District-by-district guide to the ancient city’s profusion of art, architecture and artifacts integrated with its essential history and dominant cultural themes.
Ardent, art-loving travelers aiming to follow McGregor page by page through Venice will need not only resources but plenty of time. As with his take on Rome (Rome from the Ground Up, 2005), the author spares little effort here in presenting Venice’s amazing collection of wonders in full context of the theology, politics and mercantilism that molded the former Republic over the centuries. Founded in the sixth century as a water-bounded sanctuary for locals fleeing barbarian invasions, Venice evolved as a uniquely independent entity with vested theocratic clout following the a.d. 829 purloining by a party of Venetian merchants of the corpse of Saint Mark from its sepulcher in Egypt. This and a robust navy not only kept medieval robber-barons at bay, but served to prevent its own rulers from waxing despotic. “Finding a common artistic formula that expressed this unusual situation,” McGregor writes, “was a great triumph for Venetian political art.” While in fulsome praise of such landmarks as St. Mark’s Basilica and the Palazzo Ducale, the author points out the illusory results of a common restoration process known as “repristinization”—the attempt to strip away components of a structure that do not relate to its exact period of origin. Collapsing hundreds of years of a building’s history into “a single entirely fictive moment,” McGregor warns, too often manifests “a creature of the process rather than a historical reality.” With the city still perceptibly sinking, its lagoon hopelessly polluted, its population dwindling, its treasured structures slowly crumbling, the author observes that Venice seems constantly under threat of becoming a government-run theme park, yet in the face of such dire predictions, Venetians still manage to “carry on with beauty, energy and purpose.”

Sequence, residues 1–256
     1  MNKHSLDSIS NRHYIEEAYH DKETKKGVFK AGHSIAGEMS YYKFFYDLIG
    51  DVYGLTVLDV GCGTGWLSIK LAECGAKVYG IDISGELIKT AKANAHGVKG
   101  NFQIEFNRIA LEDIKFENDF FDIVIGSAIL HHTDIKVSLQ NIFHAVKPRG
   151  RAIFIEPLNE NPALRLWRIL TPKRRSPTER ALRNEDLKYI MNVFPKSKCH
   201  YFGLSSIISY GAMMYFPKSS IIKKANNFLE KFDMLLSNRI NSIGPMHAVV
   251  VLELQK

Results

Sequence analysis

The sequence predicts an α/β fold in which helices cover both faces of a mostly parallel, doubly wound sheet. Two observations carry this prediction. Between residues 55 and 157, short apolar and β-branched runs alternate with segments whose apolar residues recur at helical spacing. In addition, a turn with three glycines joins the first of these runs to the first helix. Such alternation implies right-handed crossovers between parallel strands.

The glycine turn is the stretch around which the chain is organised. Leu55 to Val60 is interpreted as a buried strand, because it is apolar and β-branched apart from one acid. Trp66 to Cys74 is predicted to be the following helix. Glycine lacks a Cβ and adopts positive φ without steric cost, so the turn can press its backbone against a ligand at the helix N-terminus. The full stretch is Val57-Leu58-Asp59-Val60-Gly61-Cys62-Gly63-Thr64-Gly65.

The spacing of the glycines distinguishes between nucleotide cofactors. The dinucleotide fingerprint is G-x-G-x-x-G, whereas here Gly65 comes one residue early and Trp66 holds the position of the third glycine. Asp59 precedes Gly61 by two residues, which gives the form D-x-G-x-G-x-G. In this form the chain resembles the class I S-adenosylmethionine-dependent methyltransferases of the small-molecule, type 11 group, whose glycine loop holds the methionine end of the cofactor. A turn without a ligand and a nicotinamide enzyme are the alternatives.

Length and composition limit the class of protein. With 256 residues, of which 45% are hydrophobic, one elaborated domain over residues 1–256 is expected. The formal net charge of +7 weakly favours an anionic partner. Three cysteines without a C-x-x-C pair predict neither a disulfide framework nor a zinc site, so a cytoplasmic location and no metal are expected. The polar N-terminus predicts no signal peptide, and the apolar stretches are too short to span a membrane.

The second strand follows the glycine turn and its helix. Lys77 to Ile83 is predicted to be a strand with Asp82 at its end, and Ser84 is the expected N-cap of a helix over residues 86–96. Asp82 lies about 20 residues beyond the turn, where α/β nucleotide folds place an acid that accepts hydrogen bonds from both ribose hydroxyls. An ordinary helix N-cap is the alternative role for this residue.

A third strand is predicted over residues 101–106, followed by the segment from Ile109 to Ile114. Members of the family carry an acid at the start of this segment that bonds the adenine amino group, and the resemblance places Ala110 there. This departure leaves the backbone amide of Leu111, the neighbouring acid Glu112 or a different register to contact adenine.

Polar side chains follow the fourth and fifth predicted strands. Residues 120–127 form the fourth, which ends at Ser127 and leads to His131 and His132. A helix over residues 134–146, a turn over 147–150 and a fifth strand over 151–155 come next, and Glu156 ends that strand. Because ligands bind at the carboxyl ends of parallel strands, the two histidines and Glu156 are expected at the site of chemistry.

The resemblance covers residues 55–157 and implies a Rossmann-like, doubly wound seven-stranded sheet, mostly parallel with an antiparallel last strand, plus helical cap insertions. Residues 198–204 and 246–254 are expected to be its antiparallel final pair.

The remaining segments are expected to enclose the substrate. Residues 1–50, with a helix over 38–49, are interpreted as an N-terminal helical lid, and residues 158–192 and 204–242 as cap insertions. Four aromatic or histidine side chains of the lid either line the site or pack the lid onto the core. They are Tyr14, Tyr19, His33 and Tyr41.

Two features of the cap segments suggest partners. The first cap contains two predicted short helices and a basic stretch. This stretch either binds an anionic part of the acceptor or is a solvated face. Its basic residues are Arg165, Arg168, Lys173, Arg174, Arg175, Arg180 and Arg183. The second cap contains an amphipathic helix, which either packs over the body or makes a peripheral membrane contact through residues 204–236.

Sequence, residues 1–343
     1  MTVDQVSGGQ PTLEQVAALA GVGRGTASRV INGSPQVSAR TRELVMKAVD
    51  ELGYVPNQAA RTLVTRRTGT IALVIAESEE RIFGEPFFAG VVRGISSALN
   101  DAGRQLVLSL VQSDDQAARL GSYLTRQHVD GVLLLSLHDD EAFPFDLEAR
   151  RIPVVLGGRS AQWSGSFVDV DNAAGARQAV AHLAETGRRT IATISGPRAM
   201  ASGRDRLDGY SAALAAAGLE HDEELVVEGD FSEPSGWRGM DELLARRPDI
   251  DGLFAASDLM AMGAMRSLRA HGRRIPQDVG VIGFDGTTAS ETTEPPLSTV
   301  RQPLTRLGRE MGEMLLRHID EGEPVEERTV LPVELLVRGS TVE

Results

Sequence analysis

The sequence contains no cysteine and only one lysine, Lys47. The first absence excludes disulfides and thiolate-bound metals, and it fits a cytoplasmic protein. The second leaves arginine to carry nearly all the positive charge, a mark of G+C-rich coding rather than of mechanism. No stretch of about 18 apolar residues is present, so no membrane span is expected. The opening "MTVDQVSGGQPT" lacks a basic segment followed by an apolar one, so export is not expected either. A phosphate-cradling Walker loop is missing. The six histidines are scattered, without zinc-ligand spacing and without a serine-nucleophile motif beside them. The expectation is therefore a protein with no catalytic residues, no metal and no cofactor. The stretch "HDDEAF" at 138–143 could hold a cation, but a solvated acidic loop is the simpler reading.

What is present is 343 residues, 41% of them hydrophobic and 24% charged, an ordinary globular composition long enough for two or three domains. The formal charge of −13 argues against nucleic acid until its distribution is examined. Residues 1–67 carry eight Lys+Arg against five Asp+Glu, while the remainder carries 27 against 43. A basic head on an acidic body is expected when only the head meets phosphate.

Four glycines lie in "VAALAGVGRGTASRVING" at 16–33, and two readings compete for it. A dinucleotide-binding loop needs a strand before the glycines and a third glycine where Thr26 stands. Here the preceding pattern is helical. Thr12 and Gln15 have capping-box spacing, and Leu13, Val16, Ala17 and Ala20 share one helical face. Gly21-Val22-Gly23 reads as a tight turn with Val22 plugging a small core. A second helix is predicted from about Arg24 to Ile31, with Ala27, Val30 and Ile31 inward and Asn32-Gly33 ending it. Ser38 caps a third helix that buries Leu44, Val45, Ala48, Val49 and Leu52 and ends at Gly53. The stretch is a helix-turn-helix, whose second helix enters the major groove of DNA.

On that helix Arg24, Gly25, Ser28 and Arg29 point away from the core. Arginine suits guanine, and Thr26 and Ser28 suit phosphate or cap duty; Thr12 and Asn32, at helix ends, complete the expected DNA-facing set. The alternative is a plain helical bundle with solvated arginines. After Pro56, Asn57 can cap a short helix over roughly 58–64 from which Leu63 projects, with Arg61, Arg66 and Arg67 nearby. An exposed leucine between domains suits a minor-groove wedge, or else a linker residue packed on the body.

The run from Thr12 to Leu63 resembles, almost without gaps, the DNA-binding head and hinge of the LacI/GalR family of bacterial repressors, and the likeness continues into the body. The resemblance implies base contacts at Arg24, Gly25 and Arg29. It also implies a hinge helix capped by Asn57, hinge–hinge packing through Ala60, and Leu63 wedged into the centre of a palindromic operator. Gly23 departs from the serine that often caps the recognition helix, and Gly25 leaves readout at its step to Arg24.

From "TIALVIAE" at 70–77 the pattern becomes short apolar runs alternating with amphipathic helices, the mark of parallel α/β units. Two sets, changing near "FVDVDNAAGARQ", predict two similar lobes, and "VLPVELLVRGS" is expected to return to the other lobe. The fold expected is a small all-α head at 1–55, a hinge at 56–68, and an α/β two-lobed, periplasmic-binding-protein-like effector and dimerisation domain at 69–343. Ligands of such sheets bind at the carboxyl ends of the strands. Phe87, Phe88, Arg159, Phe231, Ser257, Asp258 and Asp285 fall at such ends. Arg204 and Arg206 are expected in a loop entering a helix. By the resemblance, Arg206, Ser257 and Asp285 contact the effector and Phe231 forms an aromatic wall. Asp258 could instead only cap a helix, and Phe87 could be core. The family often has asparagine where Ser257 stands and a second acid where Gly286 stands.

A thinking person’s guidebook, well supported by illustrations, maps and rich perspectives.